No, it doesn't. The near-60% positive response from the AP poll you're linking is in response to this question:
"0. Should couples of the same sex be entitled to the same government benefits as married couples
of the opposite sex, or should the government distinguish between them?"
That's not the same thing as saying one supports equal marriage; that's perhaps an argument for saying that folks aren't opposed to what gay people are forced to deal with right now - i.e. a hodgepodge of legal arrangements, powers-of-attorney and so on that come with marriage rights by default.
Answering in the affirmative to the above question doesn't actually move the needle on support for equal marriage; it merely means that 57 and 58% majorities during two rounds of polling (less in subsequent rounds, at 54 and 51%, with a 4 point margin) are comfortable with the easy and obvious claim that if I'm gay and in a relationship I and my parner should perhaps have things like hospital visitation or shouldn't be denied access to publicly funded services.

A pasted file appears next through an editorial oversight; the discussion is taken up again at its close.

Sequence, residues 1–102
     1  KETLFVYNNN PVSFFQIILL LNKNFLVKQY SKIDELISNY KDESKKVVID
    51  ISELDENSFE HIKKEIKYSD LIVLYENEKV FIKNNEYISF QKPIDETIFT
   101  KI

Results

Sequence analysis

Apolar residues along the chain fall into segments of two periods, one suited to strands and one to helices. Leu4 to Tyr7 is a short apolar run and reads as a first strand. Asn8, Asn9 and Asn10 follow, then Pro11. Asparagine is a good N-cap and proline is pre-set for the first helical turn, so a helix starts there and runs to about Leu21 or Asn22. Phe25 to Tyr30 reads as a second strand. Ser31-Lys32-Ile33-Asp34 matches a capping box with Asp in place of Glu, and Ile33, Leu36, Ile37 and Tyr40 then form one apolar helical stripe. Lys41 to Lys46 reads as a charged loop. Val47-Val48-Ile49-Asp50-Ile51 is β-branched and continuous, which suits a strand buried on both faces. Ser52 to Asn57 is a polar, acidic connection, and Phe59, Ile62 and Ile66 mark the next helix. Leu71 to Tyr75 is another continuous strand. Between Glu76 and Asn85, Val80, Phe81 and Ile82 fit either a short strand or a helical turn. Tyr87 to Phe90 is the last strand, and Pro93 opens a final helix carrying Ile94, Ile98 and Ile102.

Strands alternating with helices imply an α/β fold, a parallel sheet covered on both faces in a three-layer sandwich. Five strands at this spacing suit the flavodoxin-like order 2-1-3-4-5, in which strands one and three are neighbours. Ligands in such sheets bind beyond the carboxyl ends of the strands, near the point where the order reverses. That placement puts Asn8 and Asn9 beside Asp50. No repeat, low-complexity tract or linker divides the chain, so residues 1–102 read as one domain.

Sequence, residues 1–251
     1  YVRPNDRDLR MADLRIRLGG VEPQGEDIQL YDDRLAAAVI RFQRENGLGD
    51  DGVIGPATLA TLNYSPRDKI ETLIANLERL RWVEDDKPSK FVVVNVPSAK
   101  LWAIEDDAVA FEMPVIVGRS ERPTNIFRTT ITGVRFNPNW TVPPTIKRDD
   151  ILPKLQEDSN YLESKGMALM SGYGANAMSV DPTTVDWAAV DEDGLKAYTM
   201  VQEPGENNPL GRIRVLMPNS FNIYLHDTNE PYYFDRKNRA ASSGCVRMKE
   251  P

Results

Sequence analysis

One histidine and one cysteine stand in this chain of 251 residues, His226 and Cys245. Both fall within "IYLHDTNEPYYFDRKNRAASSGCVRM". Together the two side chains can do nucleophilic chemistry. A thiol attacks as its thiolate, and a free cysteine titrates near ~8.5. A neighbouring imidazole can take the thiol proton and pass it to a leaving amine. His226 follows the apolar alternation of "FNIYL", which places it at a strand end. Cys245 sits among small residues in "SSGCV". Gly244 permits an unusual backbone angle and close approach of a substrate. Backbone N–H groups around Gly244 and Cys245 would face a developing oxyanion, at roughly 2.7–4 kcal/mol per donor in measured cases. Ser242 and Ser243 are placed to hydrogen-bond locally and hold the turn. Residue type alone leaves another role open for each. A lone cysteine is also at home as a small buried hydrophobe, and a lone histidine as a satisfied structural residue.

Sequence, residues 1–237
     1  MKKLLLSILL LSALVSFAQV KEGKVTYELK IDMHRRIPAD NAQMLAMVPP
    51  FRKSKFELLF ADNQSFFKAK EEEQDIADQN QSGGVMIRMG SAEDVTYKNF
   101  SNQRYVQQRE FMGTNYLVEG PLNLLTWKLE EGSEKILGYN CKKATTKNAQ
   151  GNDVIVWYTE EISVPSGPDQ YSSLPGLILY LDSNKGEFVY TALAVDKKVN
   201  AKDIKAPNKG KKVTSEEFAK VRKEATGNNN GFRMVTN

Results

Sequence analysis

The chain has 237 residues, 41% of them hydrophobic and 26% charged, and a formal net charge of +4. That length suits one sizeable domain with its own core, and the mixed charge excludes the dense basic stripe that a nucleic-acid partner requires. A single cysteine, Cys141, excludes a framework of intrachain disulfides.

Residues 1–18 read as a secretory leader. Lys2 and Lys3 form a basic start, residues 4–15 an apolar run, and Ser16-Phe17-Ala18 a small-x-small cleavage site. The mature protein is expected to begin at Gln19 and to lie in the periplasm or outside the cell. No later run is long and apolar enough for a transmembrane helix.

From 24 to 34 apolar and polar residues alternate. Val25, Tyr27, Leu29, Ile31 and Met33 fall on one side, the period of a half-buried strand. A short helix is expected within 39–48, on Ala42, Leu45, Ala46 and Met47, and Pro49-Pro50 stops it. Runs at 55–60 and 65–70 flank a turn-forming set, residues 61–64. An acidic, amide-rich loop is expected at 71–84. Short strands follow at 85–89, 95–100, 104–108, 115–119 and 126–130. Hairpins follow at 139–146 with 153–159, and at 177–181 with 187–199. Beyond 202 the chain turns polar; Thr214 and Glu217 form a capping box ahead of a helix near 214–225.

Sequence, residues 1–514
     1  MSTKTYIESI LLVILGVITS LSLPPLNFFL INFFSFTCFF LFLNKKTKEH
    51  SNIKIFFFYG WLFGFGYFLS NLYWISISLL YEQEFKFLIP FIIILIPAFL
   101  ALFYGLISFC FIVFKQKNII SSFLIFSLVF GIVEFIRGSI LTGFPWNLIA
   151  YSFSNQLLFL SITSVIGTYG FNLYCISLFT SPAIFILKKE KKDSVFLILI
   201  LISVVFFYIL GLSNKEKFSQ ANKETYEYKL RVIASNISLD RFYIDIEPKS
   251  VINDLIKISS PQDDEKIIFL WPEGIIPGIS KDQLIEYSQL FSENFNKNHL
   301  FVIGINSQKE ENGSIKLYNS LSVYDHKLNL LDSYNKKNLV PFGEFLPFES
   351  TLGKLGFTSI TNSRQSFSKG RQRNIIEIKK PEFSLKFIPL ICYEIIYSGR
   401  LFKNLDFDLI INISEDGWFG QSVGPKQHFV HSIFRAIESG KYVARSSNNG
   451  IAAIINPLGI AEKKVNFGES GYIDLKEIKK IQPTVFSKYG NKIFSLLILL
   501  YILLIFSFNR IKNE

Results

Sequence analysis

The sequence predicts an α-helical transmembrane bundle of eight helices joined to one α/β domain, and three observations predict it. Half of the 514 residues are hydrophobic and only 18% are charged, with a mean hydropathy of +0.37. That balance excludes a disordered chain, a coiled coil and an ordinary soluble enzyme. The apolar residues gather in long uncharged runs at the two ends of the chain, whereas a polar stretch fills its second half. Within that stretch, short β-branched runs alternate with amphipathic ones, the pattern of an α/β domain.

That's not actually support for equal marriage rights. A better look at what your preferred poll is saying is in this question:
"Should the government give legal recognition to marriages between couples of the same sex, or
Here, we've got three rounds of polling with Yes responses at 53%, 52% and 46% with a four point margin of error overall.
It would certainly be nice, for me, if even your poll suggested what you're claiming it does, but it doesn't do that.